The state and the airlines' parent companies reached a deal in which the two carriers promise to keep scheduled daily service to 22 state airports, including rural airports often used by military personnel, for at least three years, Attorney General Greg Abbott, who is running for governor, said in a news conference.
The deal also calls for the "new American" to keep Dallas/Fort Worth International Airport as a hub and to keep its headquarters in the Dallas area, Abbott said in a news release.
The agreement makes binding what the airlines promised to do when they announced their merger Feb. 14, The Dallas Morning News said.
"I'm proud to join today with American Airlines and US Airways to announce we have successfully negotiated a settlement," Abbott told reporters at DFW alongside Thomas W. Horton, chairman, president and chief executive officer of American and parent AMR Corp.
Horton dodged a question about whether American and US Airways discussed a settlement with the Justice Department.
"We have regular discussions with the DOJ," he said, declining to elaborate.
The Justice Department had no immediate comment on Texas' withdrawing from the lawsuit or on its discussions with AMR.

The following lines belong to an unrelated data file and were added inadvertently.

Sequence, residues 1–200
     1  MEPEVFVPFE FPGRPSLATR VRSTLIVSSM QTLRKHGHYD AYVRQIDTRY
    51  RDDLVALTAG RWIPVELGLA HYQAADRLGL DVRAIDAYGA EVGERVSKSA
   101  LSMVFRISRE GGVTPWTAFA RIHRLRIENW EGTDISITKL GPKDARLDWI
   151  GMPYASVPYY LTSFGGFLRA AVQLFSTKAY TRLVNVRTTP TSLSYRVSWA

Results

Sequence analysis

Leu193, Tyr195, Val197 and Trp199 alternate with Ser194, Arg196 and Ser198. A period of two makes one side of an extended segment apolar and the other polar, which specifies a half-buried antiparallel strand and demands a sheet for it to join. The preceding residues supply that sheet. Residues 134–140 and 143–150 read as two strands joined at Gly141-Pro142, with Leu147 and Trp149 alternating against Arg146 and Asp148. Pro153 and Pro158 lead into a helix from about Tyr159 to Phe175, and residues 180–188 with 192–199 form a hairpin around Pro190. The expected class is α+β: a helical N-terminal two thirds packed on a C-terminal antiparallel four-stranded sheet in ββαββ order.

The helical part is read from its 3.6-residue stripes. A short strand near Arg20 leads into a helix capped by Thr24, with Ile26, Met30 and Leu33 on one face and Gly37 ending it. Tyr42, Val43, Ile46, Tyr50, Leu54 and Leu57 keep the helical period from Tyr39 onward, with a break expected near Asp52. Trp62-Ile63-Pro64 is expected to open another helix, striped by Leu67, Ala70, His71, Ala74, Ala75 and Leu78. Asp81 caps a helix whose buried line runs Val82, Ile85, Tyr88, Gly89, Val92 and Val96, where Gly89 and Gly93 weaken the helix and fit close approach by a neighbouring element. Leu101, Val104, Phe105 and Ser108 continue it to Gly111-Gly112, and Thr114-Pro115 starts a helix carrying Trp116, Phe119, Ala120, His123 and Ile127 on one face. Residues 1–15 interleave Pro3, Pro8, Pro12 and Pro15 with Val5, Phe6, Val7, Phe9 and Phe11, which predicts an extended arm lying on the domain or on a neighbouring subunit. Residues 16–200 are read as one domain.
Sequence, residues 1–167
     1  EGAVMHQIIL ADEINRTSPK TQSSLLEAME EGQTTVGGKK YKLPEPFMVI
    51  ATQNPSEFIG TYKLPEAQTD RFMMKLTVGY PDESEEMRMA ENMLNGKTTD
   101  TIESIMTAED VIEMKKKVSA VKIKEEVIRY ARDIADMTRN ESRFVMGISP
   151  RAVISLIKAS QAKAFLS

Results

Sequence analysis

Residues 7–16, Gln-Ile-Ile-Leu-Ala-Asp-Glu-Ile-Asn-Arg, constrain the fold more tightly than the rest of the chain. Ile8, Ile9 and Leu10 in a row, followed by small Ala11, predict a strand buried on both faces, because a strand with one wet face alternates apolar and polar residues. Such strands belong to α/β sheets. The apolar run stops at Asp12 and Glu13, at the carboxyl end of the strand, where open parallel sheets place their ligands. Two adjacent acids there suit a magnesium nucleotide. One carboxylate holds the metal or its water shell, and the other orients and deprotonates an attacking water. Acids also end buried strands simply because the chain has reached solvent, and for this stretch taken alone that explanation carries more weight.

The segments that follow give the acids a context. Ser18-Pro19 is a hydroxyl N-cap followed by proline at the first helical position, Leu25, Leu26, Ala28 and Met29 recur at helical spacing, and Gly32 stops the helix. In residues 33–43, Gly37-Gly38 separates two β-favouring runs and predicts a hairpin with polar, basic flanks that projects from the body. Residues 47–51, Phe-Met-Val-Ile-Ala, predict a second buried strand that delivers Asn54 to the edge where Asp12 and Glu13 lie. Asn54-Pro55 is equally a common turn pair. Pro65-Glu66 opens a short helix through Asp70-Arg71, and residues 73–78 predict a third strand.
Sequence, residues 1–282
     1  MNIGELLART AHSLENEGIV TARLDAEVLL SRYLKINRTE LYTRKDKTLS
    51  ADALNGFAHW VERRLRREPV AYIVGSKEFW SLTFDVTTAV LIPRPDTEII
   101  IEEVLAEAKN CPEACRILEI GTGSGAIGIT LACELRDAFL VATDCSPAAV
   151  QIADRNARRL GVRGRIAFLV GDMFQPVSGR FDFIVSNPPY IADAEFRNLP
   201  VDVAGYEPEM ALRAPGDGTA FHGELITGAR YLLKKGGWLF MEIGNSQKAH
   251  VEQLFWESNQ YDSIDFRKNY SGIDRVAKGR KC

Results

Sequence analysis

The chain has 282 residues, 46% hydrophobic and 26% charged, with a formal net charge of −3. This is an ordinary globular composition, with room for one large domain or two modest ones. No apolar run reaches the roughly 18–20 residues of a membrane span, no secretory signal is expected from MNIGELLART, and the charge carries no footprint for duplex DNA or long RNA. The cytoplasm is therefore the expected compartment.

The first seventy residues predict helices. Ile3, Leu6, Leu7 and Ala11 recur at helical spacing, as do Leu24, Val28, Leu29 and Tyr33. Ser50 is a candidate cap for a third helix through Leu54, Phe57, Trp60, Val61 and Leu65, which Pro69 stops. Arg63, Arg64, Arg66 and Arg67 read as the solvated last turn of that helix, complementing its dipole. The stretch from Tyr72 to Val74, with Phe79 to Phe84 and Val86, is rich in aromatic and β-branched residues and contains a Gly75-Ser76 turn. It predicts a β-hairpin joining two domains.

Abbott, a former judge in his second term as attorney general, is running to succeed Republican Gov. Rick Perry.
Abbott at first said he opposed the merger because he thought the diminished competition would lead to higher prices and reduced service.
He was criticized for his position by his GOP rival in the governor's race and by a Democratic state senator expected to join the race, The Wall Street Journal reported. Other Texas politicians and communities have also condemned his position.
Abbott denied Tuesday political considerations played a part in either joining the lawsuit when it was filed Aug. 13 or deciding to withdraw now.
Texas' withdrawal leaves five other states -- Arizona, Florida, Michigan, Pennsylvania and Tennessee -- and the District of Columbia as parties to the Justice Department's lawsuit opposing the merger.
The department argues the deal would harm airline competition and result in higher airfares, higher fees and fewer consumer choices. AMR and US Airways Group Inc. claim the merger would cut costs by $500 million, letting them offer more flights to more cities at lower prices and with better service.
The Justice Department's case is to go to trial in U.S. District Court in Washington, D.C., Nov. 25.
Wisconsin business offering 'therapeutic cuddling' forced to close
Mathematician offers formula for finding the perfect Christmas tree